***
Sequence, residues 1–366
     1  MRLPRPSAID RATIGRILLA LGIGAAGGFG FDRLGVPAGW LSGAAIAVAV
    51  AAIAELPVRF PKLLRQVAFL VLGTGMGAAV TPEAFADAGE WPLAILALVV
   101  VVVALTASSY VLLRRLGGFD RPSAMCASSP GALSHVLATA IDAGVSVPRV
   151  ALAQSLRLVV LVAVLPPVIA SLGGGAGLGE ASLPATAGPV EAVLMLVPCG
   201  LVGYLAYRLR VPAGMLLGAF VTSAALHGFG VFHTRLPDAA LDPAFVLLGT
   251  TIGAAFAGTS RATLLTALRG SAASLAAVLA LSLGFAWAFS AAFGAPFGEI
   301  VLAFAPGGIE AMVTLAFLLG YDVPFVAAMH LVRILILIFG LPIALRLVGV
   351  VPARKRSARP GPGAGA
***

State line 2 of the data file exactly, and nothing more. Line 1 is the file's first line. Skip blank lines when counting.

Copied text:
     1  MRLPRPSAID RATIGRILLA LGIGAAGGFG FDRLGVPAGW LSGAAIAVAV